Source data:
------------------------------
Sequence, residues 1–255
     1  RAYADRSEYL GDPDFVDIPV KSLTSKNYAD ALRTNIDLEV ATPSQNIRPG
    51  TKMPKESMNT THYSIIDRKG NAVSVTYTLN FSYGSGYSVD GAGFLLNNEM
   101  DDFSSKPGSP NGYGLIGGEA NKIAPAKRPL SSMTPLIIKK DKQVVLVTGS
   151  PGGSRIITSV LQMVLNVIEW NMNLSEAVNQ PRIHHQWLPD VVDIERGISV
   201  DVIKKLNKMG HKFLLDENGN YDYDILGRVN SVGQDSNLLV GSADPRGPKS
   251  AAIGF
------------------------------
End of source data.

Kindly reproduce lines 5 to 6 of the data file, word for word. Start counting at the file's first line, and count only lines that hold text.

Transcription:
   151  PGGSRIITSV LQMVLNVIEW NMNLSEAVNQ PRIHHQWLPD VVDIERGISV
   201  DVIKKLNKMG HKFLLDENGN YDYDILGRVN SVGQDSNLLV GSADPRGPKS